- Should Saturday's football game against Nebraska be played? There is no easy answer to this one, despite what some commentators might say. There are compelling reasons on both sides. The feeling here is it shouldn't be played, that Penn State should forfeit. Of course that would be incredibly unfair to the team members, who are among the legions of collateral damage in this saga. But this is an extremely difficult decision with an incredible number of factors to consider on both sides.
- If they do play Saturday - and it appears they will - dozens of other questions arise:
- Will the security be ready and properly prepared? Will there be violence? (The noon start hopefully reduces the number of intoxicated persons)? Will the stadium be awash in protestors?
- If Penn State falls behind early, will it emotionally collapse, committing ugly personal fouls and playing terribly? Can this possibly be a "normal" football game, at least between the lines?
- Can the emotionally and physically exhausted, and possibly underprepared PSU players be expected to play well?
- If a PSU player does something good and has an enthusiastic reaction, will he be perceived as insensitive to the entirety of the situation?
- How will the crowd react? What will they cheer? Is it okay to root for Penn State football? If Penn State wins, is it okay to be happy? Is it okay to be sad if the team loses?
- Will national sentiment toward anyone and anything affiliated with Penn State be permanently sullied at best, and overtly hostile at worst? For how long?
- A major sponsor has pulled out of ESPN's coverage of the next two Penn State games. (What an extraordinary missed opportunity for this company, which could have run public service announcements about child abuse awareness, etc., and made an impact. But instead of taking the high road, they took the easy road.) Will this become a trend? And will any bowls extend an invitation to Penn State? What bowl will want a school with such a negative image, and which probably won't bring nearly as many fans as it does ordinarily? If PSU does get a bowl bid, should it decline?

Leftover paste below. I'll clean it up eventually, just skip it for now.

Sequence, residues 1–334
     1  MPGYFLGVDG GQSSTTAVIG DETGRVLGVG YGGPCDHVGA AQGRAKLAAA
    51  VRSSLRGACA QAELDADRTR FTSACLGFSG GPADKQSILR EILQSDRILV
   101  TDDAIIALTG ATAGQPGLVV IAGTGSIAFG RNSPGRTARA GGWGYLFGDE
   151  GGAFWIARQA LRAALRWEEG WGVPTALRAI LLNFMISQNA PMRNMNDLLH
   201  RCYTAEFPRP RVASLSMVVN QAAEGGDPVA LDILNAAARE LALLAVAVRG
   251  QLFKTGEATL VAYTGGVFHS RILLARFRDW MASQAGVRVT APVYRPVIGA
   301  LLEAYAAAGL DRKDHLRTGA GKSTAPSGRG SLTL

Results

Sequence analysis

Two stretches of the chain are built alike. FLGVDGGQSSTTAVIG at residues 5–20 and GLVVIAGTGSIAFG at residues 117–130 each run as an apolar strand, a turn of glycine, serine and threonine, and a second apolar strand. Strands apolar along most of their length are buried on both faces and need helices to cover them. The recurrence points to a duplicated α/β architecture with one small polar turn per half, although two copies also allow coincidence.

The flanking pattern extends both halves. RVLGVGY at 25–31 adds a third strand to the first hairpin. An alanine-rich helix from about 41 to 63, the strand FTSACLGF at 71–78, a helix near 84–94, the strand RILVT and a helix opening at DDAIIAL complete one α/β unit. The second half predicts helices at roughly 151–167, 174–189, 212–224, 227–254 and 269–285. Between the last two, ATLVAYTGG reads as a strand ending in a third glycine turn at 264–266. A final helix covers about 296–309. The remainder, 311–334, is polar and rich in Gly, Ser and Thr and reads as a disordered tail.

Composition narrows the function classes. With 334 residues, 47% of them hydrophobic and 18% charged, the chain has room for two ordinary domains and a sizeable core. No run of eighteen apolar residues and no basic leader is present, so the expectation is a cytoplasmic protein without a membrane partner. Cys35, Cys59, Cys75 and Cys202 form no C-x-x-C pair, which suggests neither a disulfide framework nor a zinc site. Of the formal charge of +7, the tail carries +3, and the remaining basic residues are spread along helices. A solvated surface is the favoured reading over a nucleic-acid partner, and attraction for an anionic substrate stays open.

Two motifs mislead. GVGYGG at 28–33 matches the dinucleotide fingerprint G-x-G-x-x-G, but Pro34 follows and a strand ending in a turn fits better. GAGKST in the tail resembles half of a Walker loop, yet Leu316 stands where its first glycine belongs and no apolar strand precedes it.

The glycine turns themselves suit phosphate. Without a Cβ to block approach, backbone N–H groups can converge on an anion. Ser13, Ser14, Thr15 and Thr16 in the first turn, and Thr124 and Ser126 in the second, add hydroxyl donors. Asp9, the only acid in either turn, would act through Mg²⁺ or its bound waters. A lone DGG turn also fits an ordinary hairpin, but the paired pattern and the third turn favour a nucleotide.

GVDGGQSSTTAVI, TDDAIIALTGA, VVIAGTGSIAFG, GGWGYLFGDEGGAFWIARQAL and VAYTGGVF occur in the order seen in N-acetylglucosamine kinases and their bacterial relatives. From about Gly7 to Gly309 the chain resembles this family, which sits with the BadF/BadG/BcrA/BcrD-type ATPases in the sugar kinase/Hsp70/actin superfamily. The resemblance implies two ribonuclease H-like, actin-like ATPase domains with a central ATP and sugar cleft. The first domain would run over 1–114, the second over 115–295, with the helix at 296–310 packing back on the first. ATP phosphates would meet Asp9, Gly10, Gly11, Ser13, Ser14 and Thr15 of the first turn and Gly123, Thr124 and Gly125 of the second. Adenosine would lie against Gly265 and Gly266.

- Has the Board of Trustees helped make PSU a national pariah - in addition to continuing to look like it's not seeing the big picture - by inexplicably maintaining McQueary's status on the coaching staff despite his grand jury testimony to having witnessed Sandusky sodomizing a boy? (Even though McQueary will not be at Saturday's game due to concerns for his safety?) Some have reported that PSU might fear violating whistleblower laws with regard to McQueary. UPDATE: Late Friday afternoon McQueary was placed on administrative leave.
- Can the Penn State campus move forward cohesively any time soon, with so many differing thoughts on what is happening, and with so many raw emotions? The only thing everyone can agree on is the feelings for the alleged victims and the abject horror that this not only happened, but happened at Penn State and in State College. Tonight there is a candlelight vigil for the victims. Everyone can get on board with that. But for other things it's not that easy. Such as determining how to show support for the alleged victims at the game tomorrow. There has been much debate about what do to, with wearing blue in support of the victims seeming to win out. We'll see.